10. Taking the second contention that because the Government directed an enquiry by the Special Officer, Efficiency Audit, Bangalore, and not by Chief Engineer, the petitioner has been deprived of the right of appeal to the Government, which he would otherwise have and as such it would be discriminatory and hit by Art. 14 of the Constitution, this point has again been concluded by the decision of this Court in Keshavayya (V.) v. State of Mysore [1965 - II L.L.J. 588]. Dealing with this point, my Lord the Chief Justice who a member of that Bench, at p. 591 of the said order, has observed as follows :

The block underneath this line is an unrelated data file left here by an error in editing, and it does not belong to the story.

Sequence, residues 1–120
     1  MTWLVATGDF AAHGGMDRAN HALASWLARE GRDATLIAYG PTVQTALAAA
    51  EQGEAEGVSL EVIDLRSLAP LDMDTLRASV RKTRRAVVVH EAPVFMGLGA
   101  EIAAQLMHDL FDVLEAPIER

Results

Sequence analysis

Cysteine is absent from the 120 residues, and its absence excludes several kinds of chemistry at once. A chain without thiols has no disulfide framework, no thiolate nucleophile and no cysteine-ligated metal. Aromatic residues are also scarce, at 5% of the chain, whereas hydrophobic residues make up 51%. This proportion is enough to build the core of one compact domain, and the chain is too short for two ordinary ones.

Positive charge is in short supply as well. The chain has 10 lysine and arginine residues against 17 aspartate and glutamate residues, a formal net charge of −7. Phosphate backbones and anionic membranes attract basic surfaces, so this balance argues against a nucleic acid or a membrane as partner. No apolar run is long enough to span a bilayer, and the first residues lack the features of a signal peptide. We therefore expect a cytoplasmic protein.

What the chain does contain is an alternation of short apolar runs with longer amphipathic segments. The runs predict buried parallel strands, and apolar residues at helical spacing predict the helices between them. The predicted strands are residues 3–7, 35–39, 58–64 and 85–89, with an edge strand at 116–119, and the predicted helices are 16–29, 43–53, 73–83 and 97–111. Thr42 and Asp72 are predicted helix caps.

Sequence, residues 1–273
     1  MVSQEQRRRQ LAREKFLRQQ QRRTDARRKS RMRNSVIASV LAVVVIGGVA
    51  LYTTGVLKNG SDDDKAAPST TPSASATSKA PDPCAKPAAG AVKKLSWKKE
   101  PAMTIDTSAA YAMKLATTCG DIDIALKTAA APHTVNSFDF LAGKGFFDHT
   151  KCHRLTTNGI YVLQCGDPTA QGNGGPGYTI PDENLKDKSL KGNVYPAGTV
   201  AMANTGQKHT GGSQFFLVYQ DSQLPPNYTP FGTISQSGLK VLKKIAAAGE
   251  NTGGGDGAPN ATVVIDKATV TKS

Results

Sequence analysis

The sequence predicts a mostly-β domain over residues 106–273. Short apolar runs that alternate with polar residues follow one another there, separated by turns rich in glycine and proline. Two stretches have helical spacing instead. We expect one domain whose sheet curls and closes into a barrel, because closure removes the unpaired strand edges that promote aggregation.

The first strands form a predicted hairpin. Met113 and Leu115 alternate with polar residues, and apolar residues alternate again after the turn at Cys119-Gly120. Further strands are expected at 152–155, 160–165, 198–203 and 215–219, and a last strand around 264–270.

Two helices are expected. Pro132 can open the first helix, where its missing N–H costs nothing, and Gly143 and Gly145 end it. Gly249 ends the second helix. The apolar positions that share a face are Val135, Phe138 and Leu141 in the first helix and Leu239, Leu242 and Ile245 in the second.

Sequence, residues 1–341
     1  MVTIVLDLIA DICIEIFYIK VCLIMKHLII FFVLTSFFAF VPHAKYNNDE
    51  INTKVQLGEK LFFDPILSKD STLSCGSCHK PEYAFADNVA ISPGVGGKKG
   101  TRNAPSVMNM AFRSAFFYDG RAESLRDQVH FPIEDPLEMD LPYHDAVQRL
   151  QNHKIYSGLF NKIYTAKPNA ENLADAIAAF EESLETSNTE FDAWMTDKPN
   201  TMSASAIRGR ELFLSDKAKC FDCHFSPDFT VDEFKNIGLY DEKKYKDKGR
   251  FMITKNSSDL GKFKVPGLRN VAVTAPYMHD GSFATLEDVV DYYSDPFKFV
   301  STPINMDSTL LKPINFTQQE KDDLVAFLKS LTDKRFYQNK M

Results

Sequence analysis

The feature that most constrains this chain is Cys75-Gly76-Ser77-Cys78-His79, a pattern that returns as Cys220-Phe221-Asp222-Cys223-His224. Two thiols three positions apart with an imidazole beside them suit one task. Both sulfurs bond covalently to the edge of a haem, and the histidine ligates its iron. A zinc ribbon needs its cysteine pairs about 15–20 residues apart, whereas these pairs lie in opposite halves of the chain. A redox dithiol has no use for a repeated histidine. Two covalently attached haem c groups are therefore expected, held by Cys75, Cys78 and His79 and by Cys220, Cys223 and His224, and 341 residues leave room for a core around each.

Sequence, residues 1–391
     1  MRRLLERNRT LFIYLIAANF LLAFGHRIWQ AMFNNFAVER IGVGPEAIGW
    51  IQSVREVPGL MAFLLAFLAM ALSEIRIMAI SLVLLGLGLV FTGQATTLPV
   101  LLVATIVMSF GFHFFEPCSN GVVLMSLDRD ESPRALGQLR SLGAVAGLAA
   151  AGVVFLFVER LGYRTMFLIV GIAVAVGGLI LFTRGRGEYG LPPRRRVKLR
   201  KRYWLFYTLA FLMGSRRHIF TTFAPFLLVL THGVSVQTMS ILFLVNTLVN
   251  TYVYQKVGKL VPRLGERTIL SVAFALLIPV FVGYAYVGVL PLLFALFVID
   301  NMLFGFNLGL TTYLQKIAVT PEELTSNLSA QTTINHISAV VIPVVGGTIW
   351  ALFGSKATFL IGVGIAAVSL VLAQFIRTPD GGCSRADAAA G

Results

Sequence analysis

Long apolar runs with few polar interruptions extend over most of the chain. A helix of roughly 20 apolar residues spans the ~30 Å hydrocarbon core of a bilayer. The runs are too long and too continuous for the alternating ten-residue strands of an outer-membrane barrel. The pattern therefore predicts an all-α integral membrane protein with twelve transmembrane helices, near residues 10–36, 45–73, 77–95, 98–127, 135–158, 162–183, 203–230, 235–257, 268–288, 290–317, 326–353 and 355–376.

'The first two contentions of Sri Venkataranga Ayyangar, the learned counsel for the petitioner, can conveniently be considered together as they relate to the legality of the enquiry conducted by the Special Officer, Anti-Corruption Department, which resulted in the dismissal of petitioner. It is contended that the proper and appropriate authority to conduct an enquiry into the alleged charge of misconduct against the petitioner is the Director of Sericulture, who is the 'disciplinary authority' and that the enquiry held by the gazetted assistant attached to the Special Officer. Efficiency Audit, is, therefore, illegal. It is also contended that the right of the petitioner to prefer an appeal to the Government against the action taken by the disciplinary authority was taken away as the enquiry was held by the gazetted assistant to the Special Officer at the instance of the Special Officer, Efficiency Audit, and it amounts to a denial of fair and reasonable opportunity to the petitioner to prove his innocence and that it is discriminatory and is, therefore, liable to be quashed. The Mysore Civil Services (Classification, Control and Appeal) Rules, 157, are framed by the Governor of Mysore in exercise of the powers conferred on him by the proviso to Art. 309 of the Constitution of India. Rule 11 of the said rules prescribes the procedure to be adopted by disciplinary authority for imposing major penalties. The disciplinary authority in the instant case is the Director of Sericulture. Rule 11 prescribes that the disciplinary authority may himself hold an enquiry or specify any authority to hold the enquiry after framing definite charges on the basis of the allegations on which the enquiry is proposed to be held. The rule further prescribes that if the disciplinary authority is not the enquiring authority, he should, on receipt of the report of the enquiring authority, record his own findings on the charges and then communicate the same to the officer and serve a notice to show cause as to why the punishment tentatively proposed in the notice should not be inflicted on him. Under the rules the delinquent officer on whom one of the major penalties is inflicted is entitled to file an appeal against the findings and the punishment to the Government. Rule 14A prescribes special procedure in certain cases of misconduct of a Government servant. The said rule prescribes that the Director of Anti-Corruption and Technical Audit, Public Works Department (he was being called as the Special Officer, Efficiency Audit), may, either suo motu or on a reference made by the Government, take up any investigation and conduct the enquiry himself or authorize any officer of the Directorate of Anti Corruption and Technical Audit, Public Works Department, to conduct such an enquiry. It is urged by Sri Venkataranga Ayyangar that in the absence of any specification on the basis of a reasonable classification of the nature or class of offence rule 14A investigation conducted by the Special Officer is arbitrary and offends Art. 14 of the Constitution of India. We are unable to subscribe to this contention. It is not disputed that the procedure prescribed for holding an enquiry under rule 14A of the Mysore Civil Services (Classification, Control and Appeal) Rules, 1957, is not different from the procedure prescribed under rule 11 of these rules. Sub rule (1)(d) of rule 14A states :